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Why I turned my back on the city to work at the family food business: Cheshire Farm Chips’ Lucy Jackson reveals all

By LLM Reporters on 6th July 2016

At the age of just 26 Lucy Jackson is arguably one of the youngest directors in the food industry. She decided post university that following her sibling into the money markets wasn’t for her, instead choosing to focus on growing Cheshire Farm Chips, the award winning family food business.

“I always knew that working in the family business was what I wanted to do and after university I was champing at the bit to join! My parents took some serious persuading though. They thought I should go off and have ‘a life’ but I don’t think I have ever felt so fulfilled or rewarded. I have a deep-rooted knowledge of the business, having been around it all my life. We talk as a family and therefore talk at length about the running and future of the business!” she told Luxury Lifestyle Magazine.

And Lucy is having an impact. Since she has taken over turnover has hugely increased.

She explained: “We have doubled our turnover since I started working with the sales side of the business, by working with Blakemore Fine Foods and signing up a large number of stores. We are all in a global market which is of course wonderful for initiative and business opportunities but we retain the ethos of our roots; namely farm fresh products with no added preservatives from our little corner of Cheshire. It seems to work! People are always surprised when they learn our products are free from additives and gluten but why would we want to spoil the taste of our products.

Lucy at the farm 3
A chip on her shoulder. Lucy is arguably one of the youngest directors in the food industry

“Often there is only 48 hours between the potatoes being dug up and the dishes made which is why they are so fresh they can safely be kept in the fridge for up-to two weeks or be frozen.”

So what gets Lucy up in the morning? “I love where I work and I love my job! Nothing is so beautiful as the view that hits me as a I drive down the road to the farm. I wish I could bottle it. It’s a cliché in farming but everyday brings a new challenge,” she told us. “Ultimately I want the world to taste our products! To realise how good British produce can be. I am fired up by that thought all day long. At the moment we have 5 products in our range but I am hoping to expand the range very soon!” she added.

The Jackson family has a long history of providing for the local community and Lucy wanted to bring back the old farm shop. She said: “The re-opening of the farm shop was my idea and it’s something I am very much working on to bring more presence to the brand in the local area. I wanted the company to go back to our roots and provide the service directly to the community like we once did (Lucy’s grandparents ran the local farm shop in the 1970’s). I like the fact that people can come straight up-to the farm and buy the products. It makes us accessible and approachable and it keeps the family tradition alive. Of course that’s not really an option for anyone outside of Cheshire so we work hard to make sure people can buy us in their local high end farm shop as well as Waitrose and Selfridges!

“We are British and the humble potato will always be a part of our diet and I am glad about that because of course the potato isn’t really humble at all! It’s packed with packed with a variety of vitamins, minerals and phytochemicals such as vitamin B-6, vitamin C, iron, phosphorous, calcium, magnesium and zinc.”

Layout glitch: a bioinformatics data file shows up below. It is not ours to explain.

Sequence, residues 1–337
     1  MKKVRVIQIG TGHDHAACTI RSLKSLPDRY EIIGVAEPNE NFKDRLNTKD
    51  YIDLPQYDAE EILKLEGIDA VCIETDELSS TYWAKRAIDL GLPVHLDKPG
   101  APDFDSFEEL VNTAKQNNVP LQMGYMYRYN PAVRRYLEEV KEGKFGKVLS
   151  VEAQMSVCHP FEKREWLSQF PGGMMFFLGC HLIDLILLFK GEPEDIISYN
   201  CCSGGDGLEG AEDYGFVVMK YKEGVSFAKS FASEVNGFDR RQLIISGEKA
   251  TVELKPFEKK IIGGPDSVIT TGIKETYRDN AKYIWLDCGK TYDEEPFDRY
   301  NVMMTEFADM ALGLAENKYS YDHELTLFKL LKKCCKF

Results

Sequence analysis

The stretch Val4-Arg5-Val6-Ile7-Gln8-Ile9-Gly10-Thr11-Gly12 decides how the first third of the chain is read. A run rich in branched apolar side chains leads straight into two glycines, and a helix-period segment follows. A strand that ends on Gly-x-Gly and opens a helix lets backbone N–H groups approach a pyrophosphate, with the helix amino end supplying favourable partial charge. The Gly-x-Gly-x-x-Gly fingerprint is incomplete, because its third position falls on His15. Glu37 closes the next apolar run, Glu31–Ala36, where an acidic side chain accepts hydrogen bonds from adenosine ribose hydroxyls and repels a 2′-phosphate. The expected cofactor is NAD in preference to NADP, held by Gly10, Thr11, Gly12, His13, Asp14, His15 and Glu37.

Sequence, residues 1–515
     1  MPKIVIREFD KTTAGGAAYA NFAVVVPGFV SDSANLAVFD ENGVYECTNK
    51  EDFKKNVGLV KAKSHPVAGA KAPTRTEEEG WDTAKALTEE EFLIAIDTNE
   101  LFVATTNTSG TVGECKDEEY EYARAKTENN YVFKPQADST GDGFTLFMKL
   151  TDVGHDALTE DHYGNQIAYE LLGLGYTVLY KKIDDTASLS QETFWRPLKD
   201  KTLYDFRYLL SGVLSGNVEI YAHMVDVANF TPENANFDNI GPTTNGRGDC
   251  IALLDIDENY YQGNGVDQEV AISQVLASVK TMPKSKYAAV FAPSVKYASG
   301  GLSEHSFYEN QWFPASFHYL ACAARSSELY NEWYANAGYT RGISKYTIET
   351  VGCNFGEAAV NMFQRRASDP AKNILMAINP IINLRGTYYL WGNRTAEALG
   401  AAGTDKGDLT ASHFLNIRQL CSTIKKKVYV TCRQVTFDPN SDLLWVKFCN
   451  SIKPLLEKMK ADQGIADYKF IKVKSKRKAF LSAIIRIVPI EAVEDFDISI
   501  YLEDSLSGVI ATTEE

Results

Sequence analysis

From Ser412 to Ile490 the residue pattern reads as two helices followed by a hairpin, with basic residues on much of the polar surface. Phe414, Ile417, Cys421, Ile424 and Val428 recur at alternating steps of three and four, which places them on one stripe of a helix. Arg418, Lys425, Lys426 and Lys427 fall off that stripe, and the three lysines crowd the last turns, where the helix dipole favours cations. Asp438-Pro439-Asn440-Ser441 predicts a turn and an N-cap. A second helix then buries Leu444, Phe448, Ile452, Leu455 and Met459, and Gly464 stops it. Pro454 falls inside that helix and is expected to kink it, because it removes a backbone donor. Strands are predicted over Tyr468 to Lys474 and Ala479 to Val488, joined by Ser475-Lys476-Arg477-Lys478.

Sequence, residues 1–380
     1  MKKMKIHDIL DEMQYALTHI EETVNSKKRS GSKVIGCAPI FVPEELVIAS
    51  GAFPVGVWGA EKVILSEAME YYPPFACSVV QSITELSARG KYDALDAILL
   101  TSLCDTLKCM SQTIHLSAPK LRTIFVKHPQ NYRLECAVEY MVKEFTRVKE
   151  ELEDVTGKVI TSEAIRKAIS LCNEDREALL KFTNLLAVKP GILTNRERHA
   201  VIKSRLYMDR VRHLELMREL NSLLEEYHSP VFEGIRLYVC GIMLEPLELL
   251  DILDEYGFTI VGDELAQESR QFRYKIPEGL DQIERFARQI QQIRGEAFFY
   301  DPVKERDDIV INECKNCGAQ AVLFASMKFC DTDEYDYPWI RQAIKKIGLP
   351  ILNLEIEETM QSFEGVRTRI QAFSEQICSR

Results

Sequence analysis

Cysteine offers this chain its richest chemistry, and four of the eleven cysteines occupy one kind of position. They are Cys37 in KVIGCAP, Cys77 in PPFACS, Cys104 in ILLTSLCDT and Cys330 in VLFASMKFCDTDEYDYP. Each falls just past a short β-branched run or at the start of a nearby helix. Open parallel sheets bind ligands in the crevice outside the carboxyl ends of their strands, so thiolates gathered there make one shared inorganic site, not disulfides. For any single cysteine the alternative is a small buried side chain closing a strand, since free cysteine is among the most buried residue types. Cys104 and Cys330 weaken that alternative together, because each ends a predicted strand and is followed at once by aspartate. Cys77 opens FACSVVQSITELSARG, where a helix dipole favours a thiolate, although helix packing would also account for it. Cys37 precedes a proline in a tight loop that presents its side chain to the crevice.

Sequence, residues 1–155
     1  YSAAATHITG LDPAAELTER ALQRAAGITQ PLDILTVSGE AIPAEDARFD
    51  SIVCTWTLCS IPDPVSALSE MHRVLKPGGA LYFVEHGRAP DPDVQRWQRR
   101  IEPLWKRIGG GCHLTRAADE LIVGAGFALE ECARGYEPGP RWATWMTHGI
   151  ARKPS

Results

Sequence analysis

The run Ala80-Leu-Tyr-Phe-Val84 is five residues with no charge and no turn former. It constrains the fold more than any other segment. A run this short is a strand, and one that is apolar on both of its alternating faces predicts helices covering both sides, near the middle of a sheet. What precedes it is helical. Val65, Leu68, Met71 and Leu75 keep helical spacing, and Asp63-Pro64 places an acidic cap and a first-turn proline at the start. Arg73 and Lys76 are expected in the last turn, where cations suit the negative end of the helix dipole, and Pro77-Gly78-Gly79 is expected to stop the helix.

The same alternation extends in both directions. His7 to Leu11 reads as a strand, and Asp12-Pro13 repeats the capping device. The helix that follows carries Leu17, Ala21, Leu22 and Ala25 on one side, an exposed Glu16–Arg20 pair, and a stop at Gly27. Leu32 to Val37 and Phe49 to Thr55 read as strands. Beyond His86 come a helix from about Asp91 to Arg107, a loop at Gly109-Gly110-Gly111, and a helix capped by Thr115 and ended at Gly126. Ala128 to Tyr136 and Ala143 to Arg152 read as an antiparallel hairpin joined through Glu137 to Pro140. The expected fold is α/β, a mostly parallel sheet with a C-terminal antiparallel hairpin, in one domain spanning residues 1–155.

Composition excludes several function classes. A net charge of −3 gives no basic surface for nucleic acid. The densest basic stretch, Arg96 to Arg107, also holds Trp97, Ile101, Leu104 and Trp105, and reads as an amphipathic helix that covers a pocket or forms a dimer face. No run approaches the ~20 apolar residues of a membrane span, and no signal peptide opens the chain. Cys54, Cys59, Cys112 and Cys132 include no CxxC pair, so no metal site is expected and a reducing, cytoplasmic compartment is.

Next we asked her about the downsides to working in a family business. “I don’t have any cons,” she commented. “Sometimes in a family business, experience of working within another company can help you realise the true value of what hard work goes into running a family business and what you sometimes have to do in order to succeed.  the advice I would give is to have 12 months working within the family business and then 12 months working for another company, because this is a big test as to you finding out if it is what you want to do. Following this, you need to assess whether the values you have match those of the existing family members working in the business and whether you think you can move the business forward,” added Lucy.

Lucy at the farm 1
Lucy has transformed the company with her cutting edge approach

Lucy is also keen to use her influence and knowledge to help others that are less fortunate and Cheshire Farm Chips have built a growing reputation as an ethical brand with a strong sense of responsibility and a big heart.

“We give surplus stock to food banks in the local area to make sure none of the stock goes to waste. I feel this is so important, so much food goes to waste needlessly which is a scandal when so many are going hungry,” Lucy outlined.

She added: “I also decided that the company was to have a charity of the year and we chose Claire House Childrens Hospice which is on the Wirral. As part of our fundraising, I am doing a sky dive which is raising money for the charity. (If you knew how much of a scaredy cat I was then you would know what a big deal this was for me).

“My life feels hugely luxurious. Yes it is hard work but I get to work with a high end product, wonderful people at the top of their game, be involved in a successful production and manufacturing business and look out of my window at the most wonderful views. Ultimately I am lucky to have been born into a wonderfully entrepreneurial family and I want to continue that tradition for as long as I can.”

Cheshire Farm Chips products are sold in selected Waitroses, Booths, Selfridges and online at cheshirefarmchips.co.uk.